Top 5 Ways Water Gets Polluted

Empty beach chairs rest in the sand as oil washes ashore

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If you thought to throw your sandwich wrapper in a stream while camping was the most common form of water pollution, think again: from agricultural runoff to waste treatment, pollution affects more and more of the Earth's water supply every minute. Check out five of the most invasive and damaging types of water pollution (but please: still throw that sandwich wrapper in the trashcan).

Sewage and Fertilizer

Sewage doesn't present as big of a problem as some other pollutants, but it does have its dangers: in small quantities, it breaks down naturally and doesn't harm water at all, but in large quantities, it depletes the amount of oxygen in the water. When too much oxygen is erased, the polluted area can't support sea life. These areas are known as "dead zones," and there are more than 400 of them around the world, causing major damage to the health of the oceans.

Acid Rain

Though the acid rain-awareness campaign has made this less of an issue than it was in the past, it's still a major pollution problem. A quick refresher on the how: the burning of fossil fuels releases compounds that interact with the H20 in the air, creating a modified version of the raindrop— one that includes nitric and sulfuric acid, which pollutes the water and ground that's affected by the rain. Too much of those acids inhibit plant growth, and soil damage on a major scale would take eons to repair— which makes the soil a "non-renewable resource," according to the U.S. Geological Survey.

Non-point Sources

All water pollution happens in one of two ways: via non-point or point systems. Non-point pollution comes from indirect sources, like agricultural runoff, mining waste, paved roads, and industrial activity. It's impossible to trace the original polluter in these cases, but toxic chemicals and compounds make their way into the water system just the same— through rainwater drainage, melting snow, and running rivers.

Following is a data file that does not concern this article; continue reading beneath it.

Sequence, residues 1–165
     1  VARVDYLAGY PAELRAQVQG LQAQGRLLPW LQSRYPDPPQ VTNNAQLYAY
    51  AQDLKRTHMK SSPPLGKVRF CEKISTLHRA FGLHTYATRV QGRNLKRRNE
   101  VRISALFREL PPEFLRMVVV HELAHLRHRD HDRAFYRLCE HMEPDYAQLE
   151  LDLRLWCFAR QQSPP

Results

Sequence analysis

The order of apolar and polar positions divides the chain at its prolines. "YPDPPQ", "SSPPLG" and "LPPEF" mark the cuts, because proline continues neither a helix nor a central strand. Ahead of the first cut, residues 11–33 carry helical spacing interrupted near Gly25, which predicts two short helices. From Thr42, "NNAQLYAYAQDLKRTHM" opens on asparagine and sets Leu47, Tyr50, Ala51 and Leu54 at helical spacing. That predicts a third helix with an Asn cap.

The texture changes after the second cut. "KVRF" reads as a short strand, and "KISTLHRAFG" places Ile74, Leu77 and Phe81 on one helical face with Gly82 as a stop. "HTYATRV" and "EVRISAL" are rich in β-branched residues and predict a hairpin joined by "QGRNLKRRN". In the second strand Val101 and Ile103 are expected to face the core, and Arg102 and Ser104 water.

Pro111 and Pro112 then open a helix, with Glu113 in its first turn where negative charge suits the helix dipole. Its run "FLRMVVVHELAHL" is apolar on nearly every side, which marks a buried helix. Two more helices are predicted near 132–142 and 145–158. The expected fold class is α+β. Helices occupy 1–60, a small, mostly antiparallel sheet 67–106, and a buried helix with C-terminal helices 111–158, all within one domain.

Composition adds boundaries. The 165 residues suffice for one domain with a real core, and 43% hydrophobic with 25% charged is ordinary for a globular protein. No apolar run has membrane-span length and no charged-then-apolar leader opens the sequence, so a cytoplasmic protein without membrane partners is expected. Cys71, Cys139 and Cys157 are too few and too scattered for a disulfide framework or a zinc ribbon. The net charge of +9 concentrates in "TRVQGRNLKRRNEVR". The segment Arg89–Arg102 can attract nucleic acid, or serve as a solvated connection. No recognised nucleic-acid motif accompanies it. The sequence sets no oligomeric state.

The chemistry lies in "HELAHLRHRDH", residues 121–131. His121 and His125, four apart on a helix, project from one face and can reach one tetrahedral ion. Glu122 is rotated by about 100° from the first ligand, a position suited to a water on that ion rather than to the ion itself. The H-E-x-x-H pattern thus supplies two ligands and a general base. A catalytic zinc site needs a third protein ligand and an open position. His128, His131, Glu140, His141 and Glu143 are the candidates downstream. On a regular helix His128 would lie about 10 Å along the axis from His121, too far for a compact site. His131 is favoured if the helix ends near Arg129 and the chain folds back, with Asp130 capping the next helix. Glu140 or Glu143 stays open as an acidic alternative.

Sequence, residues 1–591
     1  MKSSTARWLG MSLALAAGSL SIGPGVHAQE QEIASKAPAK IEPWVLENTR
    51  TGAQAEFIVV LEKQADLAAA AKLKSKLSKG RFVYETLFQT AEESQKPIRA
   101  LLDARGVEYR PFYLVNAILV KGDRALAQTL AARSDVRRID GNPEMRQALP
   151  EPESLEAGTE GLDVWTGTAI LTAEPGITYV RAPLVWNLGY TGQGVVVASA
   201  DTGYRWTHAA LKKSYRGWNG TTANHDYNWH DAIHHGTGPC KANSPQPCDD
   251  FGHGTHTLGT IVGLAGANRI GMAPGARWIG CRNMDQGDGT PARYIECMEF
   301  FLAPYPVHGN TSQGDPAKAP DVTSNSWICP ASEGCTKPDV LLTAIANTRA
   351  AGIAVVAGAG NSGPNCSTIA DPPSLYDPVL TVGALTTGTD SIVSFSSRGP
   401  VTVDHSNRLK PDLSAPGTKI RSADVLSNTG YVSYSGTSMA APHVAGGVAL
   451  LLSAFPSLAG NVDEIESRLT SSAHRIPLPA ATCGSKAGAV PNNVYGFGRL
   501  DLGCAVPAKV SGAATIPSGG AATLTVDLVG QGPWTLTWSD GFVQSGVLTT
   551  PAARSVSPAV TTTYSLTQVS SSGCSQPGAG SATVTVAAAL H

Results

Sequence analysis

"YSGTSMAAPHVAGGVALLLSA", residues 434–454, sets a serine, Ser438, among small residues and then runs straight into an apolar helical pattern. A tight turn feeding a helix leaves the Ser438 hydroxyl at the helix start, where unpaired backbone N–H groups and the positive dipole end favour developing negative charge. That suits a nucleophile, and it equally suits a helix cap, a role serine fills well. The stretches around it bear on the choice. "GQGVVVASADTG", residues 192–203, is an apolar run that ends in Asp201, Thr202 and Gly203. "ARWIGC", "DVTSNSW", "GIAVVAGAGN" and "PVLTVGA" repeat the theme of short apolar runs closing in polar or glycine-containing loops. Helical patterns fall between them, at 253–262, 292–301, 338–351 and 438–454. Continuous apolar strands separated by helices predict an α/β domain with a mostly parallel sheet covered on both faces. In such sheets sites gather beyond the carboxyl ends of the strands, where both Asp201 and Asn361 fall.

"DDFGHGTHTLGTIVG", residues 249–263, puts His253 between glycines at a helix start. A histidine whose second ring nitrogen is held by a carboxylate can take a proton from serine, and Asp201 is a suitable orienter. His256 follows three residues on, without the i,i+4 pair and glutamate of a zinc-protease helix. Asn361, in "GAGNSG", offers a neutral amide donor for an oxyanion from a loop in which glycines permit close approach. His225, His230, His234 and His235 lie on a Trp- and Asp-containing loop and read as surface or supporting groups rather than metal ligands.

The Oil Industry

Everything about the oil industry— drilling, moving, laying pipeline, shipping— opens up the possibility for water pollution. From rigs that are compromised by foul weather (like those on the Gulf Coast) to barges that have accidental spills, the damage is never intentional, but it's still one of the major dangers facing clean water and marine life.


This may not seem like such a bad thing— after all, hot water and cold water even out eventually, right? Right— but until then, discharging hot water while cooling power plants means changing the temperature of the water source, which can encourage the species density to change and alter the biology of the water. Thermal pollution, then, can be just as damaging as bacterial or sediment pollution.